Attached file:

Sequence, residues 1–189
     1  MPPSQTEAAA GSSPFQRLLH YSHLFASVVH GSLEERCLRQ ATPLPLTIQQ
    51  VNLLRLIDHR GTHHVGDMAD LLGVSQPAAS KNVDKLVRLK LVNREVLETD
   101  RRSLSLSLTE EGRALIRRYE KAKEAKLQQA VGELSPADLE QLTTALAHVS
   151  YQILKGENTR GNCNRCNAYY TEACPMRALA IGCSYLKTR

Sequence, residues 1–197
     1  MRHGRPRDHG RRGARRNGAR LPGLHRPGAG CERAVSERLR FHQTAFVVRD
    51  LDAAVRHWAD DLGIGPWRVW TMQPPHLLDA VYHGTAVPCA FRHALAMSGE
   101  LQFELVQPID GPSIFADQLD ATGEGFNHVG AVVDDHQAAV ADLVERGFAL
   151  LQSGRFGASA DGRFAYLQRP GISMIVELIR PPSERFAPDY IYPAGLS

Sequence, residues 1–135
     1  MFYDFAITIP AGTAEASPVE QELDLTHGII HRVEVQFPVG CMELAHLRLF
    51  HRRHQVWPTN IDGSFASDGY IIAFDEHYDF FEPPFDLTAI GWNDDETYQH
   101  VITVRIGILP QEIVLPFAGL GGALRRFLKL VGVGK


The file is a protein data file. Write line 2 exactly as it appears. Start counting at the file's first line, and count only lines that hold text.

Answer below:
     1  MPPSQTEAAA GSSPFQRLLH YSHLFASVVH GSLEERCLRQ ATPLPLTIQQ